Fayetteville Festivals: I’ve got mine, Jack | Street Jazz

Monday, April 19, 2010

Fayetteville Festivals: I’ve got mine, Jack

Posted By on Mon, Apr 19, 2010 at 10:24 AM

There has been a fair share of debate about recent festivals in Fayetteville, particularly the noisier ones. I can sympathize with the ones who are aggravated with the motorcycle rallies, but over the years I have been involved with a few too many agencies who have been dependent upon the largesse of the city of Fayetteville to jump on the “protecting the sanctity of our community” bandwagon.

The city contracts with a number of agencies  who are allotted a certain portion of the city shekels come budget time. We also have things - what are they called? Oh, yeah, police and fire departments, as well as other city services we sort of take for granted.

There is one ugly truth facing all communities in the United States today - tax revenues are down. This is something that all elected officials must deal with on a daily basis. Some cities make city employees take unpaid days off work, which deprives the public of their services - and also deprives the families of the individuals involved of needed income.

For all too many city employees, who may be living from paycheck to paycheck, this is an economic disaster waiting to happen. This should  be a nightmare for any elected officials in the city of Fayetteville.

That we are more than $200,000 in the hole already at this point in the year should be cause for great concern.

Folks who spend money in our community help our community. Any possible way that we can help them lose the weight of a few of those heavy dollars in their wallets or purses should be seen as a public (nay, even patriotic!) service, in this day and age.

Every festival brings folks in, who drop dollars into our tax coffers. We lost the Anime Festival to Bentonville this year, though it seems they will be returning to Fayetteville next year. The Kennel Club is moving to Bentonville after being in Fayetteville for many years.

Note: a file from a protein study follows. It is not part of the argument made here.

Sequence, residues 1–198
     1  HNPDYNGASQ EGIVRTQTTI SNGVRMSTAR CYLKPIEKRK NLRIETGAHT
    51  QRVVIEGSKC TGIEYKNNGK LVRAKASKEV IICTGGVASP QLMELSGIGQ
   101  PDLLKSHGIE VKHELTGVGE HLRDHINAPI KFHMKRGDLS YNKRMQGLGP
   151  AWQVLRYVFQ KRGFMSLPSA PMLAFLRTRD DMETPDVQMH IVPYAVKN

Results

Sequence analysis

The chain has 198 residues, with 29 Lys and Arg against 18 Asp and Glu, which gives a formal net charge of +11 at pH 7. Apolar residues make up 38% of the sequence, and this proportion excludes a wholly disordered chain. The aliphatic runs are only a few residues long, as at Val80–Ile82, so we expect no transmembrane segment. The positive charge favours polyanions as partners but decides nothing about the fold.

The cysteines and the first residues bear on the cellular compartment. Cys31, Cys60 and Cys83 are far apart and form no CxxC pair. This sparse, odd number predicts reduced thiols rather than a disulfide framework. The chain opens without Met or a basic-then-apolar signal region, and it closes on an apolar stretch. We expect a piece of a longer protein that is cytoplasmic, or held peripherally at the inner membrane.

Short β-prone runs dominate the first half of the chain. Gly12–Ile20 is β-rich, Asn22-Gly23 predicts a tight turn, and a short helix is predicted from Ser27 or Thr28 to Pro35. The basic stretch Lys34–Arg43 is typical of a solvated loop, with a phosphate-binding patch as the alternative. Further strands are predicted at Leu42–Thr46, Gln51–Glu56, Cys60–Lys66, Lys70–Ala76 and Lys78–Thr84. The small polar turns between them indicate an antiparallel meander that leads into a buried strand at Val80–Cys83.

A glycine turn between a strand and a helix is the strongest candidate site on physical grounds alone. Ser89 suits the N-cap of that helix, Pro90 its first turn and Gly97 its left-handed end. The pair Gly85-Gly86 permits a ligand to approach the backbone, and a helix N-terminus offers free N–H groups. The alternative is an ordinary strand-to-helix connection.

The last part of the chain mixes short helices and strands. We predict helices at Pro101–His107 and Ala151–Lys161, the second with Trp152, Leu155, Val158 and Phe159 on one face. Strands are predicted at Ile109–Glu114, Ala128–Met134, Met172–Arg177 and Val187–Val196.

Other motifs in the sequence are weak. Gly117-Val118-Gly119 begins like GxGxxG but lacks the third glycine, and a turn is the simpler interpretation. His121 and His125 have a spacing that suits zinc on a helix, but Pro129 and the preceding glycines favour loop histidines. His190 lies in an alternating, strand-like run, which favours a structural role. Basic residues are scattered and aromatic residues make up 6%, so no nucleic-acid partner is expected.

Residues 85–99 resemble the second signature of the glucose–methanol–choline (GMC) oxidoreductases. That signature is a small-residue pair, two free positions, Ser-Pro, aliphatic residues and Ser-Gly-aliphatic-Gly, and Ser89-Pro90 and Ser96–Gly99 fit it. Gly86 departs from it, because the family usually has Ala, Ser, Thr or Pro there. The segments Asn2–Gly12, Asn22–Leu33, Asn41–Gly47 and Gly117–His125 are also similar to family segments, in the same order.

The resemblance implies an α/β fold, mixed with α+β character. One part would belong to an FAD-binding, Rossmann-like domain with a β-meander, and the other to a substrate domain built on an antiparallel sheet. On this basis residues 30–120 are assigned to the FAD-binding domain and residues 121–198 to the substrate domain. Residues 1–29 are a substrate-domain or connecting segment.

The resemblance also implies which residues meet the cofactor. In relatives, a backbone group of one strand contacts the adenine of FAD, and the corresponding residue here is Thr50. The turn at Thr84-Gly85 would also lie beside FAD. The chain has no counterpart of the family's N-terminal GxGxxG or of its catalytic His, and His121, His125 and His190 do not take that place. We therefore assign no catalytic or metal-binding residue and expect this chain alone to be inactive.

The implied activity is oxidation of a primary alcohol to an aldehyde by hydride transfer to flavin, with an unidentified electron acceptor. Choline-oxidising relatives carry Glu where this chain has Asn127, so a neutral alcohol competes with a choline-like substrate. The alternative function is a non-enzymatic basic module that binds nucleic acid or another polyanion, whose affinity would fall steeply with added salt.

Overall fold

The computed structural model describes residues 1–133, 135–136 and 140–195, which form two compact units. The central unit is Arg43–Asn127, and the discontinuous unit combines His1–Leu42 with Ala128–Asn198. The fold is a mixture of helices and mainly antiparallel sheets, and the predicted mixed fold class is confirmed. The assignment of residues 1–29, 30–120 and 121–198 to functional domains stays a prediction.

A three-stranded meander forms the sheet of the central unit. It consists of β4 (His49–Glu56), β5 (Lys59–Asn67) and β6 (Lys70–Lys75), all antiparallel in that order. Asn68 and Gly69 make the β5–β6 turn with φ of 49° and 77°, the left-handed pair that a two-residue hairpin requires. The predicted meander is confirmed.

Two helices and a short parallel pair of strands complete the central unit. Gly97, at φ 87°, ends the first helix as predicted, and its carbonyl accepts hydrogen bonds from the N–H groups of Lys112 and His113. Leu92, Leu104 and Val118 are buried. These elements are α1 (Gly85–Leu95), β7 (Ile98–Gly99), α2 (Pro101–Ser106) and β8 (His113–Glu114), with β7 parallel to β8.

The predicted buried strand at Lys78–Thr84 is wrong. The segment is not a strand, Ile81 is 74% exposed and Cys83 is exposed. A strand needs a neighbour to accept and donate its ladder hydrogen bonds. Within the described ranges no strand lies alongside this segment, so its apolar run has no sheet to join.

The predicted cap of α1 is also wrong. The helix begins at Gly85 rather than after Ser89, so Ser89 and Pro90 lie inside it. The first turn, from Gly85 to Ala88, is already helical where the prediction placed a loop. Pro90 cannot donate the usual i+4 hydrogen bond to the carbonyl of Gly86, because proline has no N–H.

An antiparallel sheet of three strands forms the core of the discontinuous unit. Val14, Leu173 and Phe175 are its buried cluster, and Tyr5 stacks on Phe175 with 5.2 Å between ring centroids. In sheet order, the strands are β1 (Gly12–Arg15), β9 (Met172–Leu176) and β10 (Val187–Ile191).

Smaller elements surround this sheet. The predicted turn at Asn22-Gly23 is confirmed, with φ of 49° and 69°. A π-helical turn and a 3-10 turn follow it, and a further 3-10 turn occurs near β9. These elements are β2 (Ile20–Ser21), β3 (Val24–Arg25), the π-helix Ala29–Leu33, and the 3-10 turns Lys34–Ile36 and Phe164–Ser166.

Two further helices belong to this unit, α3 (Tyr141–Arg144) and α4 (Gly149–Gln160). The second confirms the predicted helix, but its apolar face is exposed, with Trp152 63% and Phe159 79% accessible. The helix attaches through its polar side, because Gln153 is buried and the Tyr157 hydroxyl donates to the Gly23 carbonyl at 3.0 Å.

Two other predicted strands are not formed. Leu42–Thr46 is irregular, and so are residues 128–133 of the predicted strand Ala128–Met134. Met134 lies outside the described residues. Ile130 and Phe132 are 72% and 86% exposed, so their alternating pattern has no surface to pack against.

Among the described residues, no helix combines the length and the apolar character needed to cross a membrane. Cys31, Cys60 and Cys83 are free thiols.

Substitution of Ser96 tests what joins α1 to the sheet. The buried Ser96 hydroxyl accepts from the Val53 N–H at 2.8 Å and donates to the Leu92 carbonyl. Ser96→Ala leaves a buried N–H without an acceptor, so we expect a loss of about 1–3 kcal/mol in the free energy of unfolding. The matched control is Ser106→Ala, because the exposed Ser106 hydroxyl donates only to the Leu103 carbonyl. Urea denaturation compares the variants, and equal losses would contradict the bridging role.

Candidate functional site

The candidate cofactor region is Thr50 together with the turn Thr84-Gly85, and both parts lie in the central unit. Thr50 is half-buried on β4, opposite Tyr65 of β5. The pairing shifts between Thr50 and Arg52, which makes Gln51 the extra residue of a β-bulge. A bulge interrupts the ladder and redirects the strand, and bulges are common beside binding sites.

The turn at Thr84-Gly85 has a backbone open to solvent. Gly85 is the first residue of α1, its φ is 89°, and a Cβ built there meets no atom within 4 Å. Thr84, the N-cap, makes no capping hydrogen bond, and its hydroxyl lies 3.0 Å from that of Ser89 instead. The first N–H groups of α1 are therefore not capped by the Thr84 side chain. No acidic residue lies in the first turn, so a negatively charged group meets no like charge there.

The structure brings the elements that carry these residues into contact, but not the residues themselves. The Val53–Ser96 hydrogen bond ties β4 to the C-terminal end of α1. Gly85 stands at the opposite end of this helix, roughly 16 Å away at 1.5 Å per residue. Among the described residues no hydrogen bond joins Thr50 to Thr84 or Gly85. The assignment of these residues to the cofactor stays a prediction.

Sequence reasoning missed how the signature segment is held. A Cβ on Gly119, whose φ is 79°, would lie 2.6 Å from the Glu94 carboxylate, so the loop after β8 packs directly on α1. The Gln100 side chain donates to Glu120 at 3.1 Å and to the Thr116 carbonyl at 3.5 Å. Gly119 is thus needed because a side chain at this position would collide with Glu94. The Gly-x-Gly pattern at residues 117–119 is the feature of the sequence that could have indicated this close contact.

Where are our advocates?

Or, to put it another way, where the hell are our advocates?

I’m not sure we should be turning our noses up too much at folks who are willing to spend money here. God knows, we aren’t in a position to turn it away.

Too much of the criticism of the biker festival this summer (all right, it has a stupid name) sound too much like the “I’ve got mine, Jack” philosophy.

Well, too many folks don’t have theirs.  Maybe we oughtta think about that.

Almost 20 years ago, Fayetteville City Board Director Shell Spivey warned that Fayetteville was in danger of becoming a “bedroom community,” a place where folks lived, but that they worked and spent their money elsewhere. He was treated with all the respect of Cassandra befoire the Battle of Troy, but it’s something to consider.


Then again, who can forget the Hog City Diner War?

Around the turn of the century, here was a pretty good eaterie on the square by the name of the Hog City Diner. Some folks - too pretentious to be allowed to  leave the house alone - were in an uproar because the name wasn’t dignified enough for their  beloved Fayetteville square.

Yeah, well. You missed out on some good food.


And what about those Tea Party folks?

I hope those Tea Party folks who congregated at the Fayetteville Town Center last Friday spent some money in our fair town. There are a couple of good restaurants within walking distance from the Town Center.


Quote of the Day

Speak not against anyone whose burden you have not weighed yourself. - Marion Bradley


On the Air with Barbara Nimri Aziz

Barbara Nimri Aziz  will be the guest this week on my show.

The New York based  Aziz, who recently spoke at the University at Arkansas, is the  Executive Producer of Radio Tahrir, which is carried on Pacifica Radio. One of her best-known books, is Swimming up the Tigris: Real Life Encounters with Iraq, in which she wrote of the effects of the sanctions against Iraq before the US invasion in 2003.

For most Americans, the term “sanctions” is clean and antiseptic, but for people living under them, living conditions can be harsh and brutal, when even the basic necessities of life are denied.

Besides the sanctions, Aziz will discuss at length the misconceptions that Western feminists often have of women in the “third-World,” Arab nationalism, and the failure of American media to accurately report on what is happening in that region of the world.

In addition, she will discuss her program Radio Tahrir and  “alternative” media such as Pacifica Radio.

Monday - (7pm)
Tuesday - (noon)
Saturday - (6pm)

C.A.T. is shown on Channel 18 of the Cox Channel line-up in Fayetteville.  

Those outside the Fayetteville viewing area can see the program online at:                                                                            

Programs online are shown in “real time,” meaning that they are shown at the same time as they are shown on C.A.T.


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